Former CMMI Director Boehler Launches Investment Firm — With a Major Home Health Endorsement

A former leader of the CMS Innovation Center is launching his own health care investment firm.

He’s doing so armed with a pretty solid endorsement from one of the home health industry’s biggest names.

Adam Boehler — the initial head of the Center for Medicare and Medicaid Innovation (CMMI) under the Trump administration — announced Thursday that he’s launching Rubicon Founders, a new firm based in Nashville, Tennessee, focused on growing “transformational” health care companies. Boehler eventually left CMMI for another government position, with former Aspire CEO Brad Smith replacing him.


As part of Rubicon’s launch, the firm simultaneously announced partnerships with investment firms Oak HC/FT and Welsh, Carson, Anderson & Stowe (WCAS). 

While at CMMI, Boehler led a variety of initiatives to shift health care into the home. Those efforts included several alternative payment models designed to transform kidney care by encouraging greater use of home dialysis and kidney transplants for Medicare beneficiaries with end-stage renal disease, plus the rollout of the Primary Cares Initiative.

Prior to CMMI, Boehler was the founder and CEO of Landmark Health. Before that, he was an operating partner at $14 billion global investment firm Francisco Partners.


“I’ve spent my career focused on changing peoples’ lives by transforming the way they receive health care, including founding Landmark Health and leading innovation as the director of [CMMI],” Boehler said in a statement. “I am honored that Oak HC/FT and WCAS similarly share my vision and will be collaborating on opportunities with Rubicon Founders.”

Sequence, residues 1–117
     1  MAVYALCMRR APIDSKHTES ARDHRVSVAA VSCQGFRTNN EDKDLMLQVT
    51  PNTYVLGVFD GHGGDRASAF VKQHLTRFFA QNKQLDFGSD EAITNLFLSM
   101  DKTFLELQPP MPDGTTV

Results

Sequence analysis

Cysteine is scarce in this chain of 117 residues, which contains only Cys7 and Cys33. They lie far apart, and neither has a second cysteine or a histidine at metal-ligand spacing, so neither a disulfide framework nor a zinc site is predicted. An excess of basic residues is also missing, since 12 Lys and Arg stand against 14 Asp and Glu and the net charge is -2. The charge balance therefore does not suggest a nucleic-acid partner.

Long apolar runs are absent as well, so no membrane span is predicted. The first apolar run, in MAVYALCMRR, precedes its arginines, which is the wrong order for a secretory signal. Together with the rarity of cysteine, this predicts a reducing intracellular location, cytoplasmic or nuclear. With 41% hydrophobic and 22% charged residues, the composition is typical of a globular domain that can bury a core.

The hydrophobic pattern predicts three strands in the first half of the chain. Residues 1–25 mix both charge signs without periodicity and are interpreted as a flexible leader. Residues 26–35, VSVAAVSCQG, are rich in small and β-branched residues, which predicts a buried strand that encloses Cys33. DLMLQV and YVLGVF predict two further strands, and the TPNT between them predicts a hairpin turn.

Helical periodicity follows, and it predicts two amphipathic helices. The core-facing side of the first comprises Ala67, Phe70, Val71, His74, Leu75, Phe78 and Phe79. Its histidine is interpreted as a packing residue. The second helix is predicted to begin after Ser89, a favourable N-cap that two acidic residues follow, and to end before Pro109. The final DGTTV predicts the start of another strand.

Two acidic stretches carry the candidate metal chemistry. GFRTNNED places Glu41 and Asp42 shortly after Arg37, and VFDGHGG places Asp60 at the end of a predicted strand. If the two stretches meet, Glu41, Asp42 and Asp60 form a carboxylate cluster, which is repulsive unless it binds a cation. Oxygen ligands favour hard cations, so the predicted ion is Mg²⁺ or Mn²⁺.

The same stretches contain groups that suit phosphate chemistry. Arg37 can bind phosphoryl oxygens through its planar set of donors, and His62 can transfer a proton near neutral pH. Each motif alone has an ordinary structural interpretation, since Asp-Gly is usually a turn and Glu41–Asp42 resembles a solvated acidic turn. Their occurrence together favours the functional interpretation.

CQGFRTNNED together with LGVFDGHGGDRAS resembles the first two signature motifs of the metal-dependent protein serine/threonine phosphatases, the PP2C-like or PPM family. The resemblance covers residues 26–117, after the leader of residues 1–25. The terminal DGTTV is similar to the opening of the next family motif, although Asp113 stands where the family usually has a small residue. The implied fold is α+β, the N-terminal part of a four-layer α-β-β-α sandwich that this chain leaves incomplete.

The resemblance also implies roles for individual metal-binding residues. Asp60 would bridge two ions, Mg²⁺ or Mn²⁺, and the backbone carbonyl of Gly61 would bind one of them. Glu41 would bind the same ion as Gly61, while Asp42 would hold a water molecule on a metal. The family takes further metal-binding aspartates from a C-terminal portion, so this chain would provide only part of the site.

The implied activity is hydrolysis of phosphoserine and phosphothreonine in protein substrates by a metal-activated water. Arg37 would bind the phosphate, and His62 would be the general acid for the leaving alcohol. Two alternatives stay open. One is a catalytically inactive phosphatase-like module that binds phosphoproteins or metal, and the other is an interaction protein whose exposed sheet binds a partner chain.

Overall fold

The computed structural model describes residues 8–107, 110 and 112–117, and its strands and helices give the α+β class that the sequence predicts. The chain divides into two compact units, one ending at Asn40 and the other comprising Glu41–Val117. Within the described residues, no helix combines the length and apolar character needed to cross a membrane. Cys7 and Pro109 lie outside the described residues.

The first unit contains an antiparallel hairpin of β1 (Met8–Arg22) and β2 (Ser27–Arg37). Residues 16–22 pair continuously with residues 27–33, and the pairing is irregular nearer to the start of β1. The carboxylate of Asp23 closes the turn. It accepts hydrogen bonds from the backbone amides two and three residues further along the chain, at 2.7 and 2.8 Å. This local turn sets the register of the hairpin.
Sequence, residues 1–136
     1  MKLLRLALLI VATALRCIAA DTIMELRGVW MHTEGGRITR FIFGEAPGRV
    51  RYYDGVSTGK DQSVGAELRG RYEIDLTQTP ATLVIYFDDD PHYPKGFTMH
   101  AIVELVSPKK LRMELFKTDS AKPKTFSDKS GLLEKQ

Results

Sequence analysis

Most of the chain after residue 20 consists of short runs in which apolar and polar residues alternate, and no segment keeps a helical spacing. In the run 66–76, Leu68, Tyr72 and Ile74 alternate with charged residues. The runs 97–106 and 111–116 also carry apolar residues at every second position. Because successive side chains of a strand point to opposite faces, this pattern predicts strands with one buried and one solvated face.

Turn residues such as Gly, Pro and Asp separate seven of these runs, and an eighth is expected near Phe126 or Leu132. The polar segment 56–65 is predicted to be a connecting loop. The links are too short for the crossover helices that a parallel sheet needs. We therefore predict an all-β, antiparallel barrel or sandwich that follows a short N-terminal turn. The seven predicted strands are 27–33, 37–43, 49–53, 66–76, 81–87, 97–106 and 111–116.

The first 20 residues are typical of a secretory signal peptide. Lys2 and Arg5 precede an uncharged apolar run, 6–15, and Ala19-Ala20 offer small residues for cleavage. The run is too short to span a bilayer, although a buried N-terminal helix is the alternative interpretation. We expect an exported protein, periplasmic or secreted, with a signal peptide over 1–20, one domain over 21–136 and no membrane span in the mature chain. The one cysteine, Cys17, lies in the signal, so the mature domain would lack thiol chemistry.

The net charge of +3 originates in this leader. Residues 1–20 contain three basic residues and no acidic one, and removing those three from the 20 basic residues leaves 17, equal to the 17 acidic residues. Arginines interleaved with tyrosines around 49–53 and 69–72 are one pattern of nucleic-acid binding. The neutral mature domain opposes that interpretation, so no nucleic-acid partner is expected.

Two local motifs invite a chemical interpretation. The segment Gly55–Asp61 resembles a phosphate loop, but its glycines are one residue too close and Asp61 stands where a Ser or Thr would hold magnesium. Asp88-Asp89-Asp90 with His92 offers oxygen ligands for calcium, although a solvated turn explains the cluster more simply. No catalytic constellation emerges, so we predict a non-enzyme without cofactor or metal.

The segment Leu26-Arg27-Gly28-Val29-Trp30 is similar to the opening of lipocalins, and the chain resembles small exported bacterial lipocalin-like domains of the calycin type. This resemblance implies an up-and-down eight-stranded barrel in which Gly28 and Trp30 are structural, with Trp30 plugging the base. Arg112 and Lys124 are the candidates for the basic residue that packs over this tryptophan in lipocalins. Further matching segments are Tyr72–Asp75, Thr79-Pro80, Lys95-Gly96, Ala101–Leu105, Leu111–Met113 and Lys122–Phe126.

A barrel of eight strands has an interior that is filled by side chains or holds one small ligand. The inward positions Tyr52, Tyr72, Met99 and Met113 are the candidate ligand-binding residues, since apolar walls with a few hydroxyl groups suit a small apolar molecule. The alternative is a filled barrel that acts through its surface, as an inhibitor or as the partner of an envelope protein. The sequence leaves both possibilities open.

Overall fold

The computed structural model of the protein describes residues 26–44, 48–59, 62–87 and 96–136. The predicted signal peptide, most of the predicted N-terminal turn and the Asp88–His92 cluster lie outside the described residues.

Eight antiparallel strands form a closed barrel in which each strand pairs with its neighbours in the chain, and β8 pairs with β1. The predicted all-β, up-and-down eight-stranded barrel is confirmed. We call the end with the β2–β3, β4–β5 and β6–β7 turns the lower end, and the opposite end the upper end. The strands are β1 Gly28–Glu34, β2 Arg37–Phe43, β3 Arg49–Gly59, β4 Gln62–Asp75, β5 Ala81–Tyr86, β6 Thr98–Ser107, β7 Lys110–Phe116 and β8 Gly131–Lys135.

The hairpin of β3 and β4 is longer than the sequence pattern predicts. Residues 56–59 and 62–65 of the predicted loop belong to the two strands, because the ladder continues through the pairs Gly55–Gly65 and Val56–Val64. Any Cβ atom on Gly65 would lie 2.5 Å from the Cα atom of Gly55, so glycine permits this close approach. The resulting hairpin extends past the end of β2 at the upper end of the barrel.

Rubicon hasn’t released a ton of information on its investment plans, other than it hopes to “build meaningful businesses that create enduring value by impacting people in a measurable way.”

Its interests will range from building ground-up businesses to purchasing “large platform companies” and related special opportunities.

Rubicon hasn’t specifically identified the home as an area of interest, but Boehler was clearly a home-based care ally while running the CMS Innovation Center.

And the new firm already has caught the attention of Amedisys Inc. (Nasdaq: AMED) Chairman and CEO Paul Kusserow.

The Baton Rouge, Louisiana-based Amedisys is a home health, hospice and personal care services provider with 514 care centers in 39 states and the District of Columbia. The company also maintains an executive office in Nashville, long known as a major hub of health care innovation in the U.S.

“I’ve known and worked with Adam for many years, and I am delighted to have such a capable entrepreneur in Nashville — his new firm, Rubicon Founders, will be a huge benefit to health care investors and to the Nashville community,” Kusserow said in a statement.

Boehler launching a new health care investment firm is yet another example of the revolving door between the private and public sectors.

In 2018, for example, former U.S. Centers for Medicare & Medicaid Services (CMS) Administrator Andy Slavitt helped launch Town Hall Ventures. Slavitt is now back in the government, serving as a senior adviser on President Joe Biden’s coronavirus response team.

Former U.S. Senator Bill Frist — the founder of Frist Cressey Ventures — is also now an active health care innovator and inventor.

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